Erik ten Hag is basically the Man Utd interim manager and Sunday his first real audition
Manchester United’s latest attempt at salvaging anything from their Premier League campaign sees them take on Tottenham Hotspur at Old Trafford this Sunday. It marks their first home game of 2024 but, more importantly, the first Sir Jim Ratcliffe will attend in person as a potential saviour. Erik ten Hag would be wise to impress in front of his new boss.
The pair have already met, as part of the INEOS founder’s visit of both Old Trafford and Carrington, where he interacted with players and coaches, as well as holding an all-staff meeting.
Even if it is the billionaire on the charm offensive and PR 101, it is a marked difference from anything the Glazers have done over the last 19 years and can only be viewed in a positive light.
Ratcliffe has been accompanied by Sir Dave Brailsford and Jean-Claude Blanc, the Director of Sport and CEO of INEOS respectively, for much of these excursions, and both of these men were in attendance for United’s 2-0 FA Cup third round win against Wigan Athletic on Monday night.
Blanc is in the running to replace the now-departed Richard Arnold as the club’s new CEO, while Brailsford is currently leading an audit of the entire operation, with both to be on United’s football board moving forward.
But Ratcliffe’s presence at Old Trafford on Sunday afternoon is the one that will carry the most weight and signify a changing of the guard at Old Trafford, or at least fans hope it will.
Speaking on his discussions with Ratcliffe and Brailsford, Ten Hag said: “We had a long meeting, many hours we sit together, and, on many issues, we are on the same page, so it was very positive.
“I think from both sides it was a very constructive meeting and we look forward to working with them.”
What else would he say in truth? While it could just be a turn of phrase and English is not Ten Hag’s first language, if those comments are to be read from a mischievous point of view, you are left asking which issues divided them.
Excuses for United’s dire season might be one – both in terms of results and performances.
Those words might be positive but none of them can override the negativity of 14 losses by the turn of the year – the most United have suffered since 1930/31.
Off-field issues and injuries are mitigating factors, but none will hold up when it comes to judging whether Ten Hag is the right man to take United forward in the INEOS era, particularly if the second half of the season does not see a significant improvement.
The Dutchman is more or less an interim manager as things stand, and the next six months constitute an audition for his own job, with the goodwill and credit amongst the fanbase running on empty. The ‘admiration’ that Ratcliffe once supposedly had for him must also be similarly dwindling.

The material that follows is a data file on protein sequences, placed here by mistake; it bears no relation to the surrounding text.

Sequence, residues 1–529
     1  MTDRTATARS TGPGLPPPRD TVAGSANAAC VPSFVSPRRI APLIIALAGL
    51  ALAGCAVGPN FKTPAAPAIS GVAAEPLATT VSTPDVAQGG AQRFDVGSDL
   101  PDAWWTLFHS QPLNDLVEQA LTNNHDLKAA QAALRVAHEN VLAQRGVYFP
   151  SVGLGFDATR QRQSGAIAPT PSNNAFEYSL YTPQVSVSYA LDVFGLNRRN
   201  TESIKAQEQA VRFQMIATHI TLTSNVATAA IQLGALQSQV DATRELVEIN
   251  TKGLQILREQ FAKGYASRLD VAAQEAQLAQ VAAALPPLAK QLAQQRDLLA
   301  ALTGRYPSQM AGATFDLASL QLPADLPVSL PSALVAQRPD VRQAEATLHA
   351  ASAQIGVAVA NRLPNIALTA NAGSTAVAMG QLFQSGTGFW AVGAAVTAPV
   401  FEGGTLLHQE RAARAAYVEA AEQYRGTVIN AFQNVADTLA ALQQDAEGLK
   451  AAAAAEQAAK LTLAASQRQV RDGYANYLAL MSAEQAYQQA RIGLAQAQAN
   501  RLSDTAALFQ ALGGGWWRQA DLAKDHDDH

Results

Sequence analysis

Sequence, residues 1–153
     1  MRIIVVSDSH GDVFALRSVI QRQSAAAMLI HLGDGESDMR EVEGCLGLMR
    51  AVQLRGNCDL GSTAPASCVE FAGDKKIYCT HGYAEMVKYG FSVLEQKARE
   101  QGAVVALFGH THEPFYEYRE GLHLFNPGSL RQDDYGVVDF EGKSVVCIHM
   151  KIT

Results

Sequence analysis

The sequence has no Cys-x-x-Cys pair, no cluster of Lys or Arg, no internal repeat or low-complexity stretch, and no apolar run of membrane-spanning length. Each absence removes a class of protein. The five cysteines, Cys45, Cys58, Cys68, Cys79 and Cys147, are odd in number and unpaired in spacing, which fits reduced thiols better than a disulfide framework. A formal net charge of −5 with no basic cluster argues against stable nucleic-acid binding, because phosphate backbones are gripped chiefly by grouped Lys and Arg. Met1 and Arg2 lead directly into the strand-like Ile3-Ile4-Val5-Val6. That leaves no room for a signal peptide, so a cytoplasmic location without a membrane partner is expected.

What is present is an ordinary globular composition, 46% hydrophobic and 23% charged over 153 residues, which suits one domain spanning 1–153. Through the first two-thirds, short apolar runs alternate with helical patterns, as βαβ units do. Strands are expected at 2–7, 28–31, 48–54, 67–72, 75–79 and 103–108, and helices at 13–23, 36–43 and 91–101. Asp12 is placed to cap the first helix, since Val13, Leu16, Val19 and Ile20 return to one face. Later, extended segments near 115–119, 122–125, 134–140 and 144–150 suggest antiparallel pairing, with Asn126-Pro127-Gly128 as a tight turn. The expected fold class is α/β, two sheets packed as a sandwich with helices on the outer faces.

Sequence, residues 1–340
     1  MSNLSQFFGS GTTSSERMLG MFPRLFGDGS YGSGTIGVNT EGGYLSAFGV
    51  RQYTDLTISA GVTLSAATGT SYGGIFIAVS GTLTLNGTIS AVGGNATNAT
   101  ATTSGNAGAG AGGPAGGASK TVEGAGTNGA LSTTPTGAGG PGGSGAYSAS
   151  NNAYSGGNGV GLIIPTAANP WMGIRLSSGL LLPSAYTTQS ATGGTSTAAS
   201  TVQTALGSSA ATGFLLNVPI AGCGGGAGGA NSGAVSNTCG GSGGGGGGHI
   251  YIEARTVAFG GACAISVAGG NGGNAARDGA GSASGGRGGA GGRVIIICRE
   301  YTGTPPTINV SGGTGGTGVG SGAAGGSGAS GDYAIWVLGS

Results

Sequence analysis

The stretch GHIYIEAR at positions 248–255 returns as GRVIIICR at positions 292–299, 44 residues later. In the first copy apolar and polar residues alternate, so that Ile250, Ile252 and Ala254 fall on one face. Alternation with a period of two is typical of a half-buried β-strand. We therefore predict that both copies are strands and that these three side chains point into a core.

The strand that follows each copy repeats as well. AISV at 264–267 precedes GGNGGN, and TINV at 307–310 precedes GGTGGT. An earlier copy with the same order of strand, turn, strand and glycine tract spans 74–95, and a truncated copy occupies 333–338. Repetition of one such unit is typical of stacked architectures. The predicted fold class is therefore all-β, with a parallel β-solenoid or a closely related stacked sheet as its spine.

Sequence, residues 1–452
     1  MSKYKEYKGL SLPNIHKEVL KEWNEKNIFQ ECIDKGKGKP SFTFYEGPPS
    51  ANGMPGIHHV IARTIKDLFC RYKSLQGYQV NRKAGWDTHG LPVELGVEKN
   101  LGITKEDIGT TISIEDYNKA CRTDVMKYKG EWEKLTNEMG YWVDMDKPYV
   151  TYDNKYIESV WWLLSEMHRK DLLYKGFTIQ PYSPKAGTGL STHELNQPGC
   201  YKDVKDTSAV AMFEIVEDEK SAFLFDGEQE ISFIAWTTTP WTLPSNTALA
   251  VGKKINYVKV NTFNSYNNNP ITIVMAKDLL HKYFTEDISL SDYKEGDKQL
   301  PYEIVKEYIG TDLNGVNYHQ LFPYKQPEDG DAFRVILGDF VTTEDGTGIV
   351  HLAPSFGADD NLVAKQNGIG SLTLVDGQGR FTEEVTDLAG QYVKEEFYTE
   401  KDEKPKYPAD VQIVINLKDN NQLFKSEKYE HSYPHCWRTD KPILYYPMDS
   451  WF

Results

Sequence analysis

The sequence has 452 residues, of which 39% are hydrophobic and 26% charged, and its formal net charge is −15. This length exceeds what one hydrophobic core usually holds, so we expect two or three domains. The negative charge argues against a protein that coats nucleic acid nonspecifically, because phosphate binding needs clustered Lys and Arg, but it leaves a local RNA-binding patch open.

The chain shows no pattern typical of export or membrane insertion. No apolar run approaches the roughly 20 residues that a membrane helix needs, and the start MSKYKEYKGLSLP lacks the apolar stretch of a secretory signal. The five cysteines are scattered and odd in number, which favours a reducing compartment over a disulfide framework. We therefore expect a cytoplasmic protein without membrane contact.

He has been handed lifelines with an easy draw in the FA Cup – Newport County or Eastleigh await in the fourth round – and the still-closable gap to the top four/five in the league.
Despite their shambolic form, eighth-placed United sit only eight points behind their opponents on Sunday. Their chances of closing that to five have been increased by Spurs’ lengthy absentee list for the clash.
Already without James Maddison since November amongst others, Ange Postecoglou has lost Son Heung-Min to the Asian Cup and Yves Bissouma and Pape Sarr to the African Cup of Nations.
Cristian Romero is out for several weeks, while auxiliary centre-back Ben Davies injured his hamstring in their 1-0 FA Cup win against Burnley.
Micky van de Ven could make his return in his place at Old Trafford, but he has not played in two months, and it represents a risk to throw him in right away, and even then, he will surely be rusty.
Postecoglou is unlikely to complain, more likely to say “come on, mate”, but that is half of his first-choice XI out for the game.
United have their own injury woes, with 13 players absent on Monday. However, they are likely to have Christian Eriksen, Luke Shaw and Harry Maguire back in contention for Sunday, and have more front-line players available than the north Londoners.
It is not quite “Lads, it’s Spurs” (Fergie’s most damning quote ever?) but with it also being a home game, it represents yet another opportunity for Ten Hag to try once again to build some momentum and move away from the boom and bust nature of this season.
That inconsistency began with the 2-0 loss at the Tottenham Hotspur Stadium back in August, hot on the heels of the Mason Greenwood forced U-turn.
Anything but a win this time and United can near-pack in any idea of qualification for the Champions League next season – most already have ruled them out of contention.
A majority also certainly view Ten Hag as a dead man walking, with his current stay of execution only granted due to INEOS’ audit and plan to resolve structural issues above him before any final decision is made on his future.
That decision will be made all the easier with another day of darkness on Sunday in front of Ratcliffe. Time to perform, Erik.